“Pass It On!” Pursuing a Career in Music Education
Rita Simo founded Uptown Academy in 1976 with the guiding principle,“Music is a gift. Pass it on!” To share the gift of music with others is one of the most rewarding parts of being a musician–a part that People’s alum Marco Villela has truly taken to heart.
After graduating high school in 2021, Marco began his studies of Music Education at DePaul’s School of Music with a concentration in Jazz Trumpet. His musical talents and experiences span far and wide. At People’s, Marco played Alto and Tenor Saxophone. Over the years, he has learned to play ten instruments, with guitar, piano, and trumpet being his primary instruments. He has traveled the continent with a mariachi group, worked alongside legendary mariachi composer Rigoberto Alfaro, and played at the White House with Camila Cabello.
Marco realized he wanted to pursue a career in music education when reflecting on his love for music and desire to pass it on. He says studying to become a music educator “was a pathway to continue learning new instruments as well as being able to share the knowledge with students.” His first year has already been a rewarding experience. “Learning to teach efficiently and the different ways to approach and troubleshoot situations have been the most inspiring and motivating subjects in the curriculum.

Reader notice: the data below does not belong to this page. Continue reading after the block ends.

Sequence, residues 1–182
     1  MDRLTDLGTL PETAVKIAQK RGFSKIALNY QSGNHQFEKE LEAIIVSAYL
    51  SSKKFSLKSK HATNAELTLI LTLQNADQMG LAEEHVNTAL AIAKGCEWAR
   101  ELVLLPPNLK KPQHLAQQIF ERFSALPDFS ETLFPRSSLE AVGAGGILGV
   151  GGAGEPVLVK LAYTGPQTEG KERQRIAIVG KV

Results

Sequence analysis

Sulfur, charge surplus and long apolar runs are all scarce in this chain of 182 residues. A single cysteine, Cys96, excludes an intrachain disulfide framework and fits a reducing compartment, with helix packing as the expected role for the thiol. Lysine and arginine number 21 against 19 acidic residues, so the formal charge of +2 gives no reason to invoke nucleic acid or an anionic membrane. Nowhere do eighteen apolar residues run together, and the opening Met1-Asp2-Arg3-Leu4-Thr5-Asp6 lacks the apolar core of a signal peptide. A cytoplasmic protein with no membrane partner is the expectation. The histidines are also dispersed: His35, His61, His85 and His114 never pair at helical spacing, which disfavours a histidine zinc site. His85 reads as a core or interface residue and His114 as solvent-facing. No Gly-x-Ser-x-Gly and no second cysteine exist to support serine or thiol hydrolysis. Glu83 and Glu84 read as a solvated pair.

“I owe a lot to the educators that have led me down a good path after years and years of being self-taught in most cases,” Marco says. He continuously looks back at his time at People’s as one of his biggest inspirations and influences. “All the classes that I took while at TPMS gave me insight into the many ways music is taught, especially in a K-12 setting. The day I become an actual educator, I will apply all the teachings and formulate my own style that is both fun and extremely effective.”
As for students who are interested in studying to become a music educator, Marco recommends following that instinct. “Music education is one of the most underrated musical careers in the world.” For him, it is powerful to be able to “guide others down a prosperous path in music” while also having “fluency in many instruments.” After all, “What would happen to all the beautiful things music has to offer with no one to teach it? Where would we be without educators?”